"Then the other possibility is to . . . escalate. Raise the stakes somehow. Shock him out of the mental rut you say he's in."

"Ah. What did you have in mind?"

"Suppose we tell him I've become exactly what Cain wanted to make me? Ready to assassinate anyone who gets in my way? Heck, even leading the League of Assassins? That might get Batman angry enough to admit he actually cares what I'm doing!"

"But Nyssa Raatko is the 'new and improved Ra's al Ghul,' the head of the League, ever since she killed her own father to create the job vacancy. Bruce knows that if anyone does!"

"Then we might have to confuse the issue," Cassandra said patiently. "I wonder if she'd be willing to fake her own death and let me take the blame—or the credit—or whatever we should call it?"

"Maybe, but there's a simpler way," Tim said, warming to the idea. "We just persuade Oracle to tell Bruce that Nyssa got blown up by a car bomb in Libya or some other place far away, where Bruce can't easily double-check. If Nyssa pops up in Gotham again, or does anything high-profile, we can just say that shucks, her loyal minions must have rushed her smoldering corpse to the friendly neighborhood Lazarus Pit!"

"Or we could tell him the truth by the time it became an issue," Cassandra pointed out. "If he finally breaks through whatever this mental block is all about, we'll have to let him know that I'm doing fine and haven't killed anybody. The trick is to get him to admit he cares first! Then we can straighten out the rest of it!"

"It's all starting to come together as a plan," Tim said. "At the very least—if Bruce doesn't react much to the news of your 'turning to the Dark Side of the Force' when his back was turned, then we'll have solid proof to persuade the other big-name superheroes, his old buddies from the JLA, that Drastic Intervention is required, no matter how bad some of them still feel about the whole mindwipe thing. So we set this up like a classic detective story—except that instead of trying to have all the clues point to one logical solution, we make some of the story so outrageous that Batman really ought to wake up and smell the coffee at some point and say, 'That doesn't make any sense! Cassandra would never do a thing like that! I'm going to get to the bottom of this!'"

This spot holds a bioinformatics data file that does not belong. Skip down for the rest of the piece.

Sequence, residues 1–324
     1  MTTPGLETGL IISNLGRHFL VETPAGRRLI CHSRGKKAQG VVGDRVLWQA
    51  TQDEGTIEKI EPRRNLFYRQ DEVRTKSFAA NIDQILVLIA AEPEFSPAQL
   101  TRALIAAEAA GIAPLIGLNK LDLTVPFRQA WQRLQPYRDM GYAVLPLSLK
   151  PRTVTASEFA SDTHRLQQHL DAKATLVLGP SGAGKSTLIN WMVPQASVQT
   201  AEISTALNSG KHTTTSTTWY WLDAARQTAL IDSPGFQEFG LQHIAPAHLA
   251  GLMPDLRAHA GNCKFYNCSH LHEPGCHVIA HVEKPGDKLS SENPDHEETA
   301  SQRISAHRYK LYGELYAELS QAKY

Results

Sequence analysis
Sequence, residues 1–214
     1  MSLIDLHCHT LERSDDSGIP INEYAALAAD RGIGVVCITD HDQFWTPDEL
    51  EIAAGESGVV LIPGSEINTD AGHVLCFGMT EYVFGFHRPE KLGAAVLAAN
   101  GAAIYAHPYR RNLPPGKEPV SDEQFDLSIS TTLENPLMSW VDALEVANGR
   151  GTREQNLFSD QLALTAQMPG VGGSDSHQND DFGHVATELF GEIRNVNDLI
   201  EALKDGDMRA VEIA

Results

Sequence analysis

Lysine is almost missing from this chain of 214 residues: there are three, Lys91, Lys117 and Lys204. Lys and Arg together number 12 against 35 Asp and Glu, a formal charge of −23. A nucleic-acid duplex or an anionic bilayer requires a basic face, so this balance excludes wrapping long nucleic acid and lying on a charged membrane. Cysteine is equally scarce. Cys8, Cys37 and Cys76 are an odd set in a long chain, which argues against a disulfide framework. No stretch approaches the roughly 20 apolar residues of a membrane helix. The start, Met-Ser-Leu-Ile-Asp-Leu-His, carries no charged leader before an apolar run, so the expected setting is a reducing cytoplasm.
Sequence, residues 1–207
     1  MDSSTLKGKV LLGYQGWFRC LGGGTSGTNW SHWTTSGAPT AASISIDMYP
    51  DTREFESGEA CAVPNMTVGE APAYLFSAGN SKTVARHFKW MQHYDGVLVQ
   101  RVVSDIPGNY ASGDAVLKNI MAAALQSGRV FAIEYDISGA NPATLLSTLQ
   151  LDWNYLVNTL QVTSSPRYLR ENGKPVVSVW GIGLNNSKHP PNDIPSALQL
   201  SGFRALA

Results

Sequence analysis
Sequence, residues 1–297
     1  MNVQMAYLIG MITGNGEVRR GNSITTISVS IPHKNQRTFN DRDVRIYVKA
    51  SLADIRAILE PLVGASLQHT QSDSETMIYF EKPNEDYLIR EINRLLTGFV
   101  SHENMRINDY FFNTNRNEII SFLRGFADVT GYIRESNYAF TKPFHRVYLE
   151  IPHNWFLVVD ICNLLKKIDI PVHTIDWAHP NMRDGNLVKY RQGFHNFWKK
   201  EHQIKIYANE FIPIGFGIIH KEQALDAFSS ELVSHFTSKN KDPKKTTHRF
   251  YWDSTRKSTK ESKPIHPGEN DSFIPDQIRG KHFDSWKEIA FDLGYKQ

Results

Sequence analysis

He got a faraway look in his eye. After a minute of respectful silence, Cassandra asked: "What's on your mind?"

"The detective story thing gave me a new idea," Tim said. A "good mystery novel has at least one corpse turn up, preferably sooner rather than later. Suppose we do it that way and arrange for Bruce to hear that a dead Asian girl was found in a Batgirl costume? That might rock him enough to overcome his current indifference toward the subject of Cassandra Cain. Even if doesn't, it might at least soften him up for the later 'shocking revelation' that you had actually killed someone else and then stuffed her in one of your costumes!"

Cassandra held up a hand. "But where do we get the corpse?"

Tim said, "A real corpse? Oh. I see what you mean. This will be more convincing if the police actually talk about it on their radios, and the body ends up at the morgue, and so forth. Okay, I admit this will take some careful planning. I wonder if there's anyone in the Far East who would be willing to sell us a fresh corpse—we'd make sure the poor kid hadn't been murdered by the seller—and then let us freeze it and ship it over here? No, forensics might figure out the body had been cooled to confuse the time of death. Do we beg someone with teleport tech to let us use it to bring the fresh corpse over here in the blink of an eye? Failing that, maybe we could find a really convincing android somewhere . . . or beg Zatanna to cast a spell and create a simulacrum of a recently deceased girl. . ." His voice trailed off as he mentally explored the possibilities.

Cassandra smiled. This was going well. Batman's mysterious indifference to her really was troubling, but the best part was she and Tim would now be spending hours together as they tried to figure out how to make a crack in it. She had her own agenda where Tim was concerned, but figured there was no point in telling him that just yet!


To Be Continued: The next chapter skips ahead. After feeding Bruce a cock-and-bull story about Cassandra's moral decay, Tim returns to her apartment to bring her up to speed on all the outrageous lies he told, and to describe how the Dark Knight reacted to them. (I've already written nearly all of that chapter, but will hold off for a few days before posting it.)